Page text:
Life & Letters

Correspondence

About this Item

Title: Walt Whitman to Louisa Orr Whitman, 12 July 1889

Date: July 12, 1889

Whitman Archive ID: uva.00597

Source: Papers of Walt Whitman (MSS 3829), Clifton Waller Barrett Library of American Literature, Albert H. Small Special Collections Library, University of Virginia. The transcription presented here is derived from Walt Whitman, The Correspondence, ed. Edwin Haviland Miller (New York: New York University Press, 1961–1977), 4:355–356. For a description of the editorial rationale behind our treatment of the correspondence, see our statement of editorial policy.

Contributors to digital file: Blake Bronson-Bartlett, Alex Ashland, Breanna Himschoot, and Stephanie Blalock




Camden
Friday Evn'g July 12 '89

Dear Lou

Your card rec'd to day—Nothing particular or very new with me—Hot and oppressive here eight or nine days & I have been under the weather probably from it as much as anything—Keep up ab't the same tho'—am taking a tonic dose (iron & strychnia I fancy) prescribed by Dr Bucke1 to stave off the terrible weakness & faintness—& it does so—but it costs as much as it comes too—So far I eat & sleep pretty well, wh' of course is the greatest help—Got a card f'm Hannah,2 & have written to her this evn'g—I send my best love to Amy and Warren3—I wish I had something to send them—They are getting printed in a little book the speeches4 &c at my birth-day dinner5 & I will send you one when out—& one to Emma6 too—

I havn't been out this is the fourth day in the wheel chair7 but shall resume in a day or two—I am sitting here in the old den in Mickle st second story near sunset quite comfortable—


Walt Whitman


Correspondent:
Louisa Orr Haslam Whitman (1842–1892), called "Loo" or "Lou," married Walt's brother George Whitman on April 14, 1871. Their son, Walter Orr Whitman, was born in 1875 but died the following year. A second son was stillborn. Walt lived in Camden, New Jersey, with George and Louisa from 1873 until 1884, when George and Louisa moved to a farm outside of Camden and Whitman decided to stay in the city. Louisa and Walt had a warm relationship during the poet's final decades. For more, see Karen Wolfe, "Whitman, Louisa Orr Haslam (Mrs. George) (1842–1892)," Walt Whitman: An Encyclopedia, ed. J.R. LeMaster and Donald D. Kummings (New York: Garland Publishing, 1998).

Notes:

1. Richard Maurice Bucke (1837–1902) was a Canadian physician and psychiatrist who grew close to Whitman after reading Leaves of Grass in 1867 (and later memorizing it) and meeting the poet in Camden a decade later. Even before meeting Whitman, Bucke claimed in 1872 that a reading of Leaves of Grass led him to experience "cosmic consciousness" and an overwhelming sense of epiphany. Bucke became the poet's first biographer with Walt Whitman (Philadelphia: David McKay, 1883), and he later served as one of his medical advisors and literary executors. For more on the relationship of Bucke and Whitman, see Howard Nelson, "Bucke, Richard Maurice," Walt Whitman: An Encyclopedia, ed. J.R. LeMaster and Donald D. Kummings (New York: Garland Publishing, 1998). [back]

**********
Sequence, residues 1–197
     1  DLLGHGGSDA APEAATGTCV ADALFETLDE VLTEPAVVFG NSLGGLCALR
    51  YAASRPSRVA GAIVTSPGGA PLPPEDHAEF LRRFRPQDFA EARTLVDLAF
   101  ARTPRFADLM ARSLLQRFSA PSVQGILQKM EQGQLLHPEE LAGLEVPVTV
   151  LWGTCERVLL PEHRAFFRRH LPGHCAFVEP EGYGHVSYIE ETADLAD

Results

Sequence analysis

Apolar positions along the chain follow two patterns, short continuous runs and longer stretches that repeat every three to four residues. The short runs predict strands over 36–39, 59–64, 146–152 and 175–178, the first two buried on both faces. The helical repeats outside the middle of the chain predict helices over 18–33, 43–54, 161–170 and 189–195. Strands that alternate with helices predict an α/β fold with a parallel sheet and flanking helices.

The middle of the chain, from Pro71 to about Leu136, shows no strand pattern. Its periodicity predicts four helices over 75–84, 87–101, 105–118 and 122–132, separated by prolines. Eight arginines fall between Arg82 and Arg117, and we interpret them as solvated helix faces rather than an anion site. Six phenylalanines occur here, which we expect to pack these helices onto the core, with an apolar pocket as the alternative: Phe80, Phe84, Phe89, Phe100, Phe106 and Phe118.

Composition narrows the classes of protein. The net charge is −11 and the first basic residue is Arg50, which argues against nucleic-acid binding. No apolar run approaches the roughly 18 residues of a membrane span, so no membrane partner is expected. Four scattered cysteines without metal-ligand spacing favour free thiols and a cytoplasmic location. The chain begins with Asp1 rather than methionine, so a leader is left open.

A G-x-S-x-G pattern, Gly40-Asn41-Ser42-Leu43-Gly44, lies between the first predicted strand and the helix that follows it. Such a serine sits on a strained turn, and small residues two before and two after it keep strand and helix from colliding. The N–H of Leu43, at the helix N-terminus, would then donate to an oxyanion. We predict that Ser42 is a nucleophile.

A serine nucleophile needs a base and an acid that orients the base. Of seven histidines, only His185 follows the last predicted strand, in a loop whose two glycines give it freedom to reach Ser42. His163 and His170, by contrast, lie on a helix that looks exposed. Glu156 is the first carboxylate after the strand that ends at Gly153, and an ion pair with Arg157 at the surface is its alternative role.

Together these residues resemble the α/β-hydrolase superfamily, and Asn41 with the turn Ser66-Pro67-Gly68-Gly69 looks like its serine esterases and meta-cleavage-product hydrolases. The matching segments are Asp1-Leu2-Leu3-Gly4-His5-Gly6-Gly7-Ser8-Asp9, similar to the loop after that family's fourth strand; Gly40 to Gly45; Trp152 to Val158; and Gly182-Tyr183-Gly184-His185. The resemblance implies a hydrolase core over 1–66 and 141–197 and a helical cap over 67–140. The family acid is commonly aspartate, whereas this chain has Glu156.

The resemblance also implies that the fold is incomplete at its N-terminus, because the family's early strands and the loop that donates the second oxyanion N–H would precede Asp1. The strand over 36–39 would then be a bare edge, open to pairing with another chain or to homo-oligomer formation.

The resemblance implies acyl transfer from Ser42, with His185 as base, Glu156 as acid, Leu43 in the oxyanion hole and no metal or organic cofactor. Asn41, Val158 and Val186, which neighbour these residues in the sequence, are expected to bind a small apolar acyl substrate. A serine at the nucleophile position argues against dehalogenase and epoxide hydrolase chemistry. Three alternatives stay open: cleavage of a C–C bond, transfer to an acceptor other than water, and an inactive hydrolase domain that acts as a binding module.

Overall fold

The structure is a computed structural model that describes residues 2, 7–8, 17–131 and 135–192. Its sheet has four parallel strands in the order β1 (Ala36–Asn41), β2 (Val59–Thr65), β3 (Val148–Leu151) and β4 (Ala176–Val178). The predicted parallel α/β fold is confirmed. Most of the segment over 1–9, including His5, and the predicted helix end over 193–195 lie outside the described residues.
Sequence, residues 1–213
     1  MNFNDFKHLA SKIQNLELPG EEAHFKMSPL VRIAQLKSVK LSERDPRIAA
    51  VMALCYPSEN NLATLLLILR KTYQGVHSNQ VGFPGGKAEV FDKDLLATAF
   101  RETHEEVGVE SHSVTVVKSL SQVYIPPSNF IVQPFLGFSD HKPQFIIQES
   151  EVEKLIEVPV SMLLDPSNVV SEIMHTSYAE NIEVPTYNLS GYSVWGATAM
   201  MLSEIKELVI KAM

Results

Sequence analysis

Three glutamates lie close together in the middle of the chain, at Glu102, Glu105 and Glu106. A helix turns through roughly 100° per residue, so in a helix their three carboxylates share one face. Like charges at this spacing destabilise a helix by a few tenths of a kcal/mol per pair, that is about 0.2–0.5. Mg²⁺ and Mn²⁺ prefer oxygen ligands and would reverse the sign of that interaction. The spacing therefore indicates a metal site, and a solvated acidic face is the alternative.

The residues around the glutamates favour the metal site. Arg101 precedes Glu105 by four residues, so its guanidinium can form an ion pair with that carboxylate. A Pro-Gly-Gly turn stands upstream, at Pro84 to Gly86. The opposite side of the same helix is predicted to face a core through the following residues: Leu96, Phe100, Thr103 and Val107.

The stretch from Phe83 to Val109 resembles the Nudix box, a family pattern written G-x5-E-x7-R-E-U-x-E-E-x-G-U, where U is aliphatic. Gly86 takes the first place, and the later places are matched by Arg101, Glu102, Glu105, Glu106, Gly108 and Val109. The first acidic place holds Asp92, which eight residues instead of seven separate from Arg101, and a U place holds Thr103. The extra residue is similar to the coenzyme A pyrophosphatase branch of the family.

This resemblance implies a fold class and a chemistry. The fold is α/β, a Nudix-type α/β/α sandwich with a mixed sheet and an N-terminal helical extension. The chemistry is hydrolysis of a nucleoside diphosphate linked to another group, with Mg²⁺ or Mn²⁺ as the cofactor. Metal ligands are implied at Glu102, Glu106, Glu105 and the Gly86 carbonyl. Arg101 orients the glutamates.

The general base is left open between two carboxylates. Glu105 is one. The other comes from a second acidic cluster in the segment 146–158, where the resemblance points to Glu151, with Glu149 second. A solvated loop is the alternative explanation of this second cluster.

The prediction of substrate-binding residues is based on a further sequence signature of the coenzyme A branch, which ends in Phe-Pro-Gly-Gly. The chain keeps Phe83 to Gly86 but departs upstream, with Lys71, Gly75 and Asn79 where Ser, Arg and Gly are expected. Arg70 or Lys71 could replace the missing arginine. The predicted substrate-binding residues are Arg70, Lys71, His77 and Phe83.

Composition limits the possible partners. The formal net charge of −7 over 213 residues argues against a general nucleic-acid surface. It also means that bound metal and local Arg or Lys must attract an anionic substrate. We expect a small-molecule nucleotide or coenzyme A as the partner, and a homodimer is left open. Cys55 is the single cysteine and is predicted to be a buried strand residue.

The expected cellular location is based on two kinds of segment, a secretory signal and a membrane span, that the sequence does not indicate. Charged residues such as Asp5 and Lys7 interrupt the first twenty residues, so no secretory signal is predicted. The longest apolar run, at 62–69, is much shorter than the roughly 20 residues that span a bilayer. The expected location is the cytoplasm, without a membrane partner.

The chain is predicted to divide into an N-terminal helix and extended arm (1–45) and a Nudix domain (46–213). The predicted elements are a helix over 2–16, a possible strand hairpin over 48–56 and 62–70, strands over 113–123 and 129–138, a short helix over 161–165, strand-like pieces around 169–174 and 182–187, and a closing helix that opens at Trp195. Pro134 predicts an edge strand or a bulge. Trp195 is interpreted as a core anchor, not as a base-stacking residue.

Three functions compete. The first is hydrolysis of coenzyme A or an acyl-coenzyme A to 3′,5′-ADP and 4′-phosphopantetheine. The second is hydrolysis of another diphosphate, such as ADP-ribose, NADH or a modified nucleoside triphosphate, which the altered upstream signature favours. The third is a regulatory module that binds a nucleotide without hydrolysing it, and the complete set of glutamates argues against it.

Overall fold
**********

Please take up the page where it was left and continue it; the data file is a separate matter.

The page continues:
2. Hannah Louisa (Whitman) Heyde (1823–1908), youngest sister of Walt Whitman, married Charles Louis Heyde (1822–1890), a French-born landscape painter. Charles Heyde was infamous among the Whitmans for his offensive letters and poor treatment of Hannah. Hannah and Charles Heyde lived in Burlington, Vermont. For more, see Paula K. Garrett, "Whitman (Heyde), Hannah Louisa (d. 1908)," Walt Whitman: An Encyclopedia, ed. J.R. LeMaster and Donald D. Kummings (New York: Garland Publishing, 1998). [back]

3. Amy and Warren Dowe were the children of Emma Dowe, Louisa Whitman's sister (see Whitman's letter of July 12, 1877). [back]

4. The notes and addresses that were delivered at Whitman's seventieth birthday celebration on May 31, 1889 in Camden, were collected and edited by Horace Traubel. The volume was titled Camden's Compliment to Walt Whitman, and it included a photo of Sidney Morse's 1887 clay bust of Whitman as the frontispiece. The book was published in 1889 by Philadelphia publisher David McKay. [back]

5. For Whitman's seventieth birthday, Horace Traubel and a large committee planned a local celebration for the poet in Morgan's Hall in Camden, New Jersey. The committee included Henry (Harry) L. Bonsall, Geoffrey Buckwalter, and Thomas B. Harned. See Horace Traubel, With Walt Whitman in Camden, Tuesday, May 7, 1889. The day was celebrated with a testimonial dinner. Numerous authors and friends of the poet prepared and delivered addresses to mark the occasion. Whitman, who did not feel well at the time, arrived after the dinner to listen to the remarks. [back]

6. Emma Dowe was Louisa (Mrs. George Washington) Whitman's sister. Her husband Francis E. Dowe operated dry goods stores in Norwich, Connecticut, from 1872 to 1918. A copy of the letter Whitman refers to was preserved by Mrs. Dowe's daughter Amy, who wrote "A Child's Memories of the Whitmans." This reminiscence, composed in the 1930s, has been published by Edwin Haviland Miller in "Amy H. Dowe and Walt Whitman," Walt Whitman Review, 13 (September 1967), 73–79. [back]

7. Horace Traubel and Ed Wilkins, Whitman's nurse, went to Philadelphia to purchase a wheeled chair for the poet that would allow him to be "pull'd or push'd" outdoors. See Whitman's letter to William Sloane Kennedy of May 8, 1889[back]


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